By Dr David Gregory-Kumar, BBC Midlands Today science correspondent
If you've been obeying the rules then pictures of people out partying in a local park probably rub you up the wrong way. Plenty of people are ready to blame thoughtless behaviour, particularly by the young, for any rise in infection rates.
The scientific truth though is that a gathering outdoors is very low risk. Scenes of Britons heading to beaches or to hills as lockdowns were lifted in the past have not been followed by more people ending up in local hospitals. Outdoors, the airborne coronavirus quickly blows away and so the danger of infection is small.
While what happened yesterday in our parks is against the rules, it likely won't cause problems long term, at least as far as Covid is concerned.
It's worth contrasting these outdoor parties with events like Cheltenham Races in 2020. Cheltenham may have been an outdoors event but it also went hand in hand with packed public transport, bars and pubs. Now that was an event that many suspect did cause infection rates to increase.
Since Monday, two households or groups of up to six people have been able to meet outside in England as the stay-at-home Covid restrictions order came to an end.
"Despite today's easements," Prime Minister Boris Johnson said at the time, "everyone must continue to stick to the rules."
The government also unveiled a new slogan - Hands, Face, Space and Fresh Air - to emphasise the importance of ventilation in reducing the spread of the virus.
"It's your behaviours while you're [outside]," Prof Griffiths said. "We just have to think about the risk of the virus and adapt our behaviours."
One of the other concerns to follow the gatherings was the "masses" of litter left behind in parks.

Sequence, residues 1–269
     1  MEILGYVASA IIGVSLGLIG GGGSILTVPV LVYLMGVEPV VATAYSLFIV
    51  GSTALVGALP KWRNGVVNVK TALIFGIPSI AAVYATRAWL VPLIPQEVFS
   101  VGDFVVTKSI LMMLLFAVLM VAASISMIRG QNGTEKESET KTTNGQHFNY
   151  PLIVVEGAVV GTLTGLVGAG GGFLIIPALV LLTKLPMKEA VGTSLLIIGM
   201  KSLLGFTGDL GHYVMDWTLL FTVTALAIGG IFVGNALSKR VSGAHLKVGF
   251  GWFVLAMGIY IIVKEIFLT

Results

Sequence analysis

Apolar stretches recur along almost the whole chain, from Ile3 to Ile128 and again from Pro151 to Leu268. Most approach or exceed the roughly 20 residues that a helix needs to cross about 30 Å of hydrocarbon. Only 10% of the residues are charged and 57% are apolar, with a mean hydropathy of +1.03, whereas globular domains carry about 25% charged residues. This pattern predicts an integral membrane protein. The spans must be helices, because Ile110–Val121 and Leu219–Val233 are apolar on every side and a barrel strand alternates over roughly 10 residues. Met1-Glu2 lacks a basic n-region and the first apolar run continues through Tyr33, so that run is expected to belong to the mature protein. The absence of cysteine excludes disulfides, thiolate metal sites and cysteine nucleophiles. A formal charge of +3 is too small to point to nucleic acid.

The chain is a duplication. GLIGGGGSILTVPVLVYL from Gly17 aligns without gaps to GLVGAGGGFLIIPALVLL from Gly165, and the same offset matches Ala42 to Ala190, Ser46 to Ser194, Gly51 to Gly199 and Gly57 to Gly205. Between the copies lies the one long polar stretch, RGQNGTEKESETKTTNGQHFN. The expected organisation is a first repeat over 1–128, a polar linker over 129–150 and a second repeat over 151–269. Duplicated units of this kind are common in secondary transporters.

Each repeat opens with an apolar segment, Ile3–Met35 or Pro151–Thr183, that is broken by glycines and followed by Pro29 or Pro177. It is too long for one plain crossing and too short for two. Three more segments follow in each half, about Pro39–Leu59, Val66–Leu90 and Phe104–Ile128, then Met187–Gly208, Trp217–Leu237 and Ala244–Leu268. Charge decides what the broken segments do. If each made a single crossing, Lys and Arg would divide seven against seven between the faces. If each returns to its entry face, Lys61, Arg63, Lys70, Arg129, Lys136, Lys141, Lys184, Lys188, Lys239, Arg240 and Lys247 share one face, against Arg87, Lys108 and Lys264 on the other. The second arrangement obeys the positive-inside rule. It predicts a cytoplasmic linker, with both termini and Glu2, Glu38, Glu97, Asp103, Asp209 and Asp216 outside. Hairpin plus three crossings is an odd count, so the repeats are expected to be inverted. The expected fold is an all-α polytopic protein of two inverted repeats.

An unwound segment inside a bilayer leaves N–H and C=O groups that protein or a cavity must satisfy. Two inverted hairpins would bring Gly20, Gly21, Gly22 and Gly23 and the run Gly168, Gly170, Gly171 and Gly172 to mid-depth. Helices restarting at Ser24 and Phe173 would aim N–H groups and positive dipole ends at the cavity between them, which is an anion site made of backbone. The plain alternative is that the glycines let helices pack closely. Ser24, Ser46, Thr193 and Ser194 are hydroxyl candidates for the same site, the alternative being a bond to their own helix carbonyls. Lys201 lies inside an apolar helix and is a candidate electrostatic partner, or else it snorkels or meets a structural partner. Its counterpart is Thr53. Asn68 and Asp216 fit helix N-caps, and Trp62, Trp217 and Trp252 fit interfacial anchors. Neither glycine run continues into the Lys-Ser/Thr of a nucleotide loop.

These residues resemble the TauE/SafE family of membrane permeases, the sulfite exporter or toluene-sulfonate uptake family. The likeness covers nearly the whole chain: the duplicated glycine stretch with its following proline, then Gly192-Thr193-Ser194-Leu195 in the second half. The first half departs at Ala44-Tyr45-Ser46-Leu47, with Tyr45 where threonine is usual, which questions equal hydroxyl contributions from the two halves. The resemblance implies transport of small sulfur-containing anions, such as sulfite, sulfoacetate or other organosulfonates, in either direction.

Rebecca Langton, a Nottingham City councillor, said rubbish left behind in the city's outdoor spaces was "really disappointing".
"We've spent a good couple of hours this morning cleaning up masses and masses of litter," she said.
"We want people to get out and enjoy the parks but it's just about people being responsible."
The BBC's Tom Airey was at Woodhouse Moor, in Leeds, as the aftermath of Tuesday's crowds was laid bare and said there was "a sea of rubbish stretching across the park's gentle slopes".
The first Leeds City Council workers to arrive had already filled four hay bale-sized bags of litter by 10:00, collecting glass beer bottles, crisp packets, discarded bags-for-life, used disposable barbecues and nitrous oxide canisters. This was all despite multiple 'no litter' signs along the park's tree-lined paths.
"It's really disgusting that people left their litter piled up by the bins and across the grass, and it's an issue that happens every time there's a hot day in Leeds," 26-year-old student Sophie Meredith said.
"Today was the worst I've ever seen it, and it's probably made worse by the fact that everyone's been cooped up for a year."
Similar scenes have been reported across England in places including Sheffield, Doncaster and Bristol.
We know people have missed socialising in the sun but this is not what is meant by easing out of lockdown. @sccstreetsahead have been out since 6am clearing up but our resources could be much better spent.— SheffieldCityCouncil (@SheffCouncil) March 31, 2021
Enjoy @ParksSheffield but don’t leave your mess, please love our parks☹️ pic.twitter.com/9Avj4C4e7i
In Sheffield, the council started a litter-picking operation early in the morning and shared images of rubbish strewn across Endcliffe Park.
"[Maintenance workers] have been out since 06:00 clearing up but our resources could be much better spent," the local authority said on Twitter. "Don't leave your mess, please love our parks."
The waste left behind at Birmingham's parks also meant the city council there had to suspend planned grass-cutting so workers could focus on removing litter.
Keep Britain Tidy said the litter was a "disaster for our environment" and urged people to "take some responsibility and dispose of their rubbish correctly".
"While it is great that people can now come together in our parks and on our beaches after a long, hard winter, we need them to do the right thing," Richard McIlwain, from the charity, said.
"Particularly when it comes to disposing of their rubbish."